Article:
And thus did he anger Helið, as he drank the waters that fed the copse of trees within which she dwelt. Her anger was terrible to behold and it was said that the beasts and birds of the Ūtangeard did fall silent as she smouldered with fury within the dying trees of her home. Yet it was from here that she plotted her revenge. From stiðe she wove a net, strong and durable; lacing it with a deadly poison. Waiting until the moon was full, she strode down from her home, casting a glamour all about her such that she shone with the radiance of the full moon, her hair appearing as pure as the silver waters from the Cwylla and her countenance was said to be as fair as Frīge herself.
The Þyrs was stood high on its hill, looking down at the village as he intended again to help himself to the cattle and livestock, his hunger once again upon him. Helið approached from the mouth of the wellspring, striding with apparent swiftness towards the Þyrs. It beheld her as she approached and was struck dumb by her intense beauty. Such was its arousal at her countenance that it lowered its mighty club, leaving itself open to her approach. Helið did not falter. She did not delay but cast the net she had created wide, throwing it upon the Þyrs as it stood enraptured, the bonds tightening about it and the poison setting to its task with startling rapidity. The Þyrs bellowed in pain and surprise, its legs giving way beneath it such that it fell against the hillside with a mighty crash, its head striking the chalky earth so hard that its skull did break. Helið stood watching in silence, gathering in the net she had woven and stowing it safely away. The Cerne Þyrs was dead, and from its broken head did pour the waters of the Seolfor Cwylla, leaking back into the chalk hill.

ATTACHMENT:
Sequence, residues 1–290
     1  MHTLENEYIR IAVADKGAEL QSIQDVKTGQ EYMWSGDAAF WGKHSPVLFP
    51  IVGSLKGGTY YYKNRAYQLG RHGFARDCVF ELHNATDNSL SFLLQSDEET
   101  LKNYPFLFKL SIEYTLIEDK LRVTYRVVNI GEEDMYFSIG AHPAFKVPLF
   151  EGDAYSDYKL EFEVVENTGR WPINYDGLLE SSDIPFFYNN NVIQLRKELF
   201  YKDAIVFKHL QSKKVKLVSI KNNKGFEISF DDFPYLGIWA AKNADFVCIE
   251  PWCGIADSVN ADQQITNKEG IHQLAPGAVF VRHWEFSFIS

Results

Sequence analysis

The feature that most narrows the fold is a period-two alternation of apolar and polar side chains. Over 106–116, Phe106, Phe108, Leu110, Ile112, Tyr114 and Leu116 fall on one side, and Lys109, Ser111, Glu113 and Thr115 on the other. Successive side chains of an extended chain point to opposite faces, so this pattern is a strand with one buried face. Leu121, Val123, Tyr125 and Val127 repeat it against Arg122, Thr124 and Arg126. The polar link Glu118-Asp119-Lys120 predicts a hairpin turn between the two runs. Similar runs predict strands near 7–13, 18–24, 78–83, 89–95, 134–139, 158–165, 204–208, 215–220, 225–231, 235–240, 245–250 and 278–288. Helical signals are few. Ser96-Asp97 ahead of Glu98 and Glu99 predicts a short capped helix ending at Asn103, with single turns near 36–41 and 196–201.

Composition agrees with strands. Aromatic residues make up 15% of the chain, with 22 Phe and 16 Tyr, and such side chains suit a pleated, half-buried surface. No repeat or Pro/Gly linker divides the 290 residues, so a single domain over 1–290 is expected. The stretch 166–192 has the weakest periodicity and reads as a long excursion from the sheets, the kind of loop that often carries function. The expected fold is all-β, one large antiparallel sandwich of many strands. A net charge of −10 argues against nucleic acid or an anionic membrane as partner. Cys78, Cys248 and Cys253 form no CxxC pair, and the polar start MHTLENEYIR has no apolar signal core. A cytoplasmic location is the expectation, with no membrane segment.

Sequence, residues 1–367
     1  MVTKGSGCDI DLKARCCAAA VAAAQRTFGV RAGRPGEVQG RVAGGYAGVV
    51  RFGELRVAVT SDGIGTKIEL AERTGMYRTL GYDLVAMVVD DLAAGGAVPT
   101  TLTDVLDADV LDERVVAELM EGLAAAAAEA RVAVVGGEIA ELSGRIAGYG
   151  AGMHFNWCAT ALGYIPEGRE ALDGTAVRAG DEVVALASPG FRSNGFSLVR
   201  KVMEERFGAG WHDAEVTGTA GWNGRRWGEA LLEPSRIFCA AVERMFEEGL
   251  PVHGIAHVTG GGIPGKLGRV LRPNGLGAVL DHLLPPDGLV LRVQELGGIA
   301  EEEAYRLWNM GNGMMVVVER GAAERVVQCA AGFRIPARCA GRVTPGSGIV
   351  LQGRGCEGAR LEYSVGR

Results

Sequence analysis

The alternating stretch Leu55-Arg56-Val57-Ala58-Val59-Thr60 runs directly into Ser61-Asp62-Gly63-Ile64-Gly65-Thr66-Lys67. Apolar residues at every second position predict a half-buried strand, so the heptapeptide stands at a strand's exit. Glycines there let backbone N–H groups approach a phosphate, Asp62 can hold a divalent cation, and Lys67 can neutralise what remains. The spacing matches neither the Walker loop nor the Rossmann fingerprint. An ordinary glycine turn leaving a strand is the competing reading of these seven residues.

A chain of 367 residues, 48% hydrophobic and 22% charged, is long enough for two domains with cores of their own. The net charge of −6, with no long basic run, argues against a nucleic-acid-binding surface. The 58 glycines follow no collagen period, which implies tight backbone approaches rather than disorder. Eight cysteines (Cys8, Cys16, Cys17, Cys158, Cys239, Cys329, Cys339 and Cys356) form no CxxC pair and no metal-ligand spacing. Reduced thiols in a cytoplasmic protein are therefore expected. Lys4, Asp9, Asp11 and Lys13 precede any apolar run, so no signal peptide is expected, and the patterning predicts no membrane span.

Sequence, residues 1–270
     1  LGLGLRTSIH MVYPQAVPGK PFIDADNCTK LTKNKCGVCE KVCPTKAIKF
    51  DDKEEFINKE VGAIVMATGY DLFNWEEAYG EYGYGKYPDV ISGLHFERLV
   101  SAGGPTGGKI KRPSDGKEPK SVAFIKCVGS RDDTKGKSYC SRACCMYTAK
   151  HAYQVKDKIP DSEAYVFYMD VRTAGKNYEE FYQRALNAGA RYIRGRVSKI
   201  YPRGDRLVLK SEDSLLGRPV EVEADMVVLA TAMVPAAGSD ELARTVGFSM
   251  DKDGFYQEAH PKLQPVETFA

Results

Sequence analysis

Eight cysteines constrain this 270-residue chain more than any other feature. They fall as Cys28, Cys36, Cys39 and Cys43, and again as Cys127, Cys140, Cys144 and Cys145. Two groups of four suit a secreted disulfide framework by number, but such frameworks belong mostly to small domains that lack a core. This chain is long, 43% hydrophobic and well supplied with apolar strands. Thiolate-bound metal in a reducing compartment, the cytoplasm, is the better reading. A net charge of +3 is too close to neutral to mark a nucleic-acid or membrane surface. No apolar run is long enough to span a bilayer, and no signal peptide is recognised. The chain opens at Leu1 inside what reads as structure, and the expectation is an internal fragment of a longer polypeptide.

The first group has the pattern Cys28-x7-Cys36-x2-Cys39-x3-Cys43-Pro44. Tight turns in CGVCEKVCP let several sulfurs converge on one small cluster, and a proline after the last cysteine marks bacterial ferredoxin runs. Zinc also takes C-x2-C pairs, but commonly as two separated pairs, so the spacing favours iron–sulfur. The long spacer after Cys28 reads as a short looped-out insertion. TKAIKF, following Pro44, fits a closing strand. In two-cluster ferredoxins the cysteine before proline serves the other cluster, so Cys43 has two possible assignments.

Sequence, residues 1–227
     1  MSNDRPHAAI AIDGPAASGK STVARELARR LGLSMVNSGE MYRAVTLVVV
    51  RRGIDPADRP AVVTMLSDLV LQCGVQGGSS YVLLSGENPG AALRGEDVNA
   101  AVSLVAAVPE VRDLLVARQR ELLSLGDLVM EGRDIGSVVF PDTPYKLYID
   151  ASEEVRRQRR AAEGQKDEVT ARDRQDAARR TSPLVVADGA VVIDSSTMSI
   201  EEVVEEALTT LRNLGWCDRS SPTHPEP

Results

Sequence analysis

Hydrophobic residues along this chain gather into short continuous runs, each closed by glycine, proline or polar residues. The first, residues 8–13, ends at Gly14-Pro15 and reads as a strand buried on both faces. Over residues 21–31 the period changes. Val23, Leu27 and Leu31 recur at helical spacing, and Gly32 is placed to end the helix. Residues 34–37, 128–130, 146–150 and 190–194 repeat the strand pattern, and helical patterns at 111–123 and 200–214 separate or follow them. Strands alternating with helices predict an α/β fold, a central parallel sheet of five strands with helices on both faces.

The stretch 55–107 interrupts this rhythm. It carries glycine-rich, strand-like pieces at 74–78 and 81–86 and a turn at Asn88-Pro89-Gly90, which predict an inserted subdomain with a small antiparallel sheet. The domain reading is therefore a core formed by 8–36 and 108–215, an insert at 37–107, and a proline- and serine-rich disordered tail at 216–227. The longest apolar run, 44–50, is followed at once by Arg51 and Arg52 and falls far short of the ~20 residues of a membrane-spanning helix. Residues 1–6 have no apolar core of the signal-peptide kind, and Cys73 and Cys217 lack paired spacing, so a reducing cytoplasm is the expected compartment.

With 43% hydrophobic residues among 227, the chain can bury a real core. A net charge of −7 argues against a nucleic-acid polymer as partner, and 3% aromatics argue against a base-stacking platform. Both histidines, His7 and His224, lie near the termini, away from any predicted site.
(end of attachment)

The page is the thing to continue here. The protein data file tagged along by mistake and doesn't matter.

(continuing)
The folk of Cerne rejoiced in the death of the Þyrs and Helið strode back through the village, her glamour now failing as the moon’s rays dissipated behind clouds, returning her countenance once again to that of the crone that she truly was. As she passed by the Seolfor Cwylla, the waters it had previously provided once again burst forth and with it returned the life and purity of the surrounding area. Helið returned to the hills to tend to the wild places once again, and the people of Cerne never again faced the threat of a Þyrs, marking the site of the dead creature by grinding its bones into the chalk beneath the grass of the hill which serving as a warning to others that here was one that met its end.
And the folk of Cerne created their idols to Helið in recognition of her deeds, and from that day until the coming of Augustine, they lived in harmony with one another and paid tribute to their goddess at the Seolfor Cwylla. Many now do not recall the deeds of Helið, but there are some that do and will always honour her. Should you pass through the village of Cerne in your travels, ensure you pay tribute to her at the Seolfor Cwylla, the Silver Well, which still runs to this very day through the heart of the village whilst the image of the defeated Þyrs remains imprinted for all time on the hill above it. On a moonlit night you may see her still, watching over the village and the hills above Cerne, bent and haggard with age and care, but determination burning from eyes of the purest silver.